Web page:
Nama deal involved fraud and embezzlement, inquiry member claims
Published 27/08/2015 | 15:43
The €1.6bn sale of Nama’s Project Eagle northern loan portfolio was “a sweetheart deal” involving embezzlement and fraud, a member of a parliamentary inquiry has claimed.
Sinn Fein MLA Mairtin O Muilleoir used privilege to describe the transaction – Nama’s largest disposal of assets – as “a dirty scheme” involving possible kickbacks to politicians.
He made the remarks at a hearing of the Northern Assembly’s committee on finance and personnel, which was taking evidence from the Law Society of Northern Ireland.
The society has been investigating the conduct of Belfast solicitor Ian Coulter, the former managing partner of Tughans, since it received a complaint from the law firm last January.
The UK’s National Crime Agency (NCA) also launched an inquiry last month after it emerged Stg£7m paid to Tughans in connection with the Nama deal had been moved to an account in the Isle of Man under the control of Mr Coulter.
Tughans acted as advisors to US vulture fund Cerberus, which bought the loan portfolio in April of last year, and a rival bidder Pimco.
Independent TD Mick Wallace alleged in the Dail that the cash was destined for a Northern politician or party, a claim denied by both Tughans and Mr Coulter.
Law Society chairperson Arleen Elliott told the committee today she was restricted from commenting on the specifics of its investigation, which is ongoing.
She said the society had been warned in a phone call from a senior NCA officer just minutes before the hearing that it was not to say anything which could compromise the criminal investigation.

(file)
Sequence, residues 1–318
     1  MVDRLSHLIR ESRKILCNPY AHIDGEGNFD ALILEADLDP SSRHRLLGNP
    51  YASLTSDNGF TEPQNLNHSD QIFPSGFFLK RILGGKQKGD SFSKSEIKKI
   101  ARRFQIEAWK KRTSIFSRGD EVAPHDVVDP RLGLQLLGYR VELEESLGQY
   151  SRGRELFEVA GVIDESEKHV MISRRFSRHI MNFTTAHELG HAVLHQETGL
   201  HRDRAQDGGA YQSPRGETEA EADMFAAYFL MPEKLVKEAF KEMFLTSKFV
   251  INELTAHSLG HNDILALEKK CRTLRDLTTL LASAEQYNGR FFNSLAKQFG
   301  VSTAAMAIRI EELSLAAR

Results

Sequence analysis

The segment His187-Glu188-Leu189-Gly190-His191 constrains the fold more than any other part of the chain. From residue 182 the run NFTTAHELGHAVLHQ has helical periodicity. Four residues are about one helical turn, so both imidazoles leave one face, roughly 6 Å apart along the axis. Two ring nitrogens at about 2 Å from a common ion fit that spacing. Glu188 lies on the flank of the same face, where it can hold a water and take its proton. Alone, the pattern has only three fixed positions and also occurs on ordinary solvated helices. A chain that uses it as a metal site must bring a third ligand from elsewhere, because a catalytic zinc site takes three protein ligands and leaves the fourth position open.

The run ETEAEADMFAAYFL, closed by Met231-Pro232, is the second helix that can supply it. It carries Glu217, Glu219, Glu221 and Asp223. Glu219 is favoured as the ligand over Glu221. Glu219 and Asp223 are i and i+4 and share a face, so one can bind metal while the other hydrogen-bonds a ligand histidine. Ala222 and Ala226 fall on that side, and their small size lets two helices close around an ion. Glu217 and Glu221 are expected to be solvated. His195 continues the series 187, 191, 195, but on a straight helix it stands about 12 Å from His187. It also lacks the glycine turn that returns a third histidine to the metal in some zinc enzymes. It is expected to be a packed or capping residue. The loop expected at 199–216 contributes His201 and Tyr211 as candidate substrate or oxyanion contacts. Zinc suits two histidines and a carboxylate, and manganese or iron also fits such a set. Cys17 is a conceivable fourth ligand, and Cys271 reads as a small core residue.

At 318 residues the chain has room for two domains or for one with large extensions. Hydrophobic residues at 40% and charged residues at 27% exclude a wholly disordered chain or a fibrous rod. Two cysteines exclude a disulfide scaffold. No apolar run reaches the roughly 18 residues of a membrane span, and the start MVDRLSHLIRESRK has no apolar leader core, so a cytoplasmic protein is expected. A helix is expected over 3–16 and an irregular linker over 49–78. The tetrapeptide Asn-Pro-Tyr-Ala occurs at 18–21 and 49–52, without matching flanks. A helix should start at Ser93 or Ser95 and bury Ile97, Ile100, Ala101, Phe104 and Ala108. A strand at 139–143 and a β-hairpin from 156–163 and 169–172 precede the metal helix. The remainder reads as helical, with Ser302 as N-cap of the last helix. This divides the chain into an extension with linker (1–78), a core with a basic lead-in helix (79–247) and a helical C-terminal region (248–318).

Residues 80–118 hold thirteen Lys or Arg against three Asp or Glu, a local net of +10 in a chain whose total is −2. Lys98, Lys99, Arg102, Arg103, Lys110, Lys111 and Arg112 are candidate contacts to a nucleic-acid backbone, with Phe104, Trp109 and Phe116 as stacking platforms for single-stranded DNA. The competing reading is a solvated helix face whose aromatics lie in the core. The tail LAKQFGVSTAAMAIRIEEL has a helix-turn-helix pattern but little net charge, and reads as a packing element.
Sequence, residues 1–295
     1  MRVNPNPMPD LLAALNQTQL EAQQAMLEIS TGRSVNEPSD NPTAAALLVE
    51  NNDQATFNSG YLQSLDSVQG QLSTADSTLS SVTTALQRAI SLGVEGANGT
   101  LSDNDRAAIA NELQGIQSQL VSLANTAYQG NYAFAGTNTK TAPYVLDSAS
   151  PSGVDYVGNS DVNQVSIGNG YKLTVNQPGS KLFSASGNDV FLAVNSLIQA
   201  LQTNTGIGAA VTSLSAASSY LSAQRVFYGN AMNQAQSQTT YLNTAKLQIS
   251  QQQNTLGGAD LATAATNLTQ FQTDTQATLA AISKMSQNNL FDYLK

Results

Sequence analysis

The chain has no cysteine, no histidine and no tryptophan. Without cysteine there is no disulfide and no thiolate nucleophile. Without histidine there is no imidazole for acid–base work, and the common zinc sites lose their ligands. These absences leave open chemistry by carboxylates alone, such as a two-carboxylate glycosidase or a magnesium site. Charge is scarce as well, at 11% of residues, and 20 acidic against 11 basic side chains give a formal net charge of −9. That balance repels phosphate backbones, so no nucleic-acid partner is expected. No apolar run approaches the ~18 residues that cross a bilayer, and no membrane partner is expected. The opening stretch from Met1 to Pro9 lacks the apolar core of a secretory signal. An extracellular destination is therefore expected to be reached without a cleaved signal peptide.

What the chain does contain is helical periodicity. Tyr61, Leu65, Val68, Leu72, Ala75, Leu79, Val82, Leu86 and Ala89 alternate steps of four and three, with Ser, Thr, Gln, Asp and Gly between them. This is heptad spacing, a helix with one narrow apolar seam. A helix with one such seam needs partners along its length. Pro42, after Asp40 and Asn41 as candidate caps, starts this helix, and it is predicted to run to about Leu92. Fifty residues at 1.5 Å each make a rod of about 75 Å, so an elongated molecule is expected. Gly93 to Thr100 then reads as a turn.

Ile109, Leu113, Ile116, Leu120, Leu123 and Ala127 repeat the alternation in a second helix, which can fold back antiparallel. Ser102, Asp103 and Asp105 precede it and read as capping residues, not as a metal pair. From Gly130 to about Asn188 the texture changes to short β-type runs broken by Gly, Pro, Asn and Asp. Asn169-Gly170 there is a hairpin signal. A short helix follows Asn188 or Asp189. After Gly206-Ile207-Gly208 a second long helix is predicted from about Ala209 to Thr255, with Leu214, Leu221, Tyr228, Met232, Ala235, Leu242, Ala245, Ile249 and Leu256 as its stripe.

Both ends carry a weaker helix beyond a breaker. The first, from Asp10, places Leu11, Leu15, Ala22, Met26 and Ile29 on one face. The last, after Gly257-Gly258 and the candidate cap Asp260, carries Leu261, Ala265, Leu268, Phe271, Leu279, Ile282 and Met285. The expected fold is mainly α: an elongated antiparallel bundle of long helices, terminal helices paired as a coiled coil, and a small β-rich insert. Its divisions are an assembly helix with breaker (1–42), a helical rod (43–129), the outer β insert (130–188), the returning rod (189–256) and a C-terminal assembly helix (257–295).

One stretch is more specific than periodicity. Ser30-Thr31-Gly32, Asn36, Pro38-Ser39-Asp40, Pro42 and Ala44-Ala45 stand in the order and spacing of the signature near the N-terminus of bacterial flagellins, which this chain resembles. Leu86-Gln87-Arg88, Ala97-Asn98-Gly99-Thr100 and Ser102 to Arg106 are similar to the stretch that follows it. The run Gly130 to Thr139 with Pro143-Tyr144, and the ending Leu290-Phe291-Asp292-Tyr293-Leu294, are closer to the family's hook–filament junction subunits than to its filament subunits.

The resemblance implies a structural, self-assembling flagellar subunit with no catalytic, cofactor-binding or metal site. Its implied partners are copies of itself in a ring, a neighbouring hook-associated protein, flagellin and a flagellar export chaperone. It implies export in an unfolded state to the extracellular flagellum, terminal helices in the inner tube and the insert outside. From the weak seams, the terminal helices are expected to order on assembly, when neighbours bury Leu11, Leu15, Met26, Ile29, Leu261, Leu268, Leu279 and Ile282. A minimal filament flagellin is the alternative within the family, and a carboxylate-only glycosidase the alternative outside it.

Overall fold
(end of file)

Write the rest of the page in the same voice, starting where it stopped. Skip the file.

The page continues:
Ms Elliott agreed to speak only in general terms. She told the committee it was a criminal offence for legal fees to be shared with someone who is not legally qualified.
She also said that all partners in a law firm would be responsible for client accounts regardless of whether they personally controlled them or not.
“It is a matter of strict liability, so for example if there was client monies that went missing as a result of the activities of one partner, all partners are responsible regardless of whether they had anything to do with it or not.”
Several members of the committee expressed unhappiness with the society’s refusal to answer specific questions
Committee chairman, Sinn Fein MLA Daithi McKay, said its inquiry was dealing with “the biggest financial scandal we have ever seen in the North” and the law society’s reputation was being affected.
His party colleague Mairtin O Muilleoir said the public interest outweighed the interests of the society.
“We are trying to investigate a deal in which we believe there were kickbacks. There was a sweetheart deal, embezzlement, fraud, a dirty scheme,” he said.
“We are investigating it because it is alleged that at the heart of it were politicians benefiting.”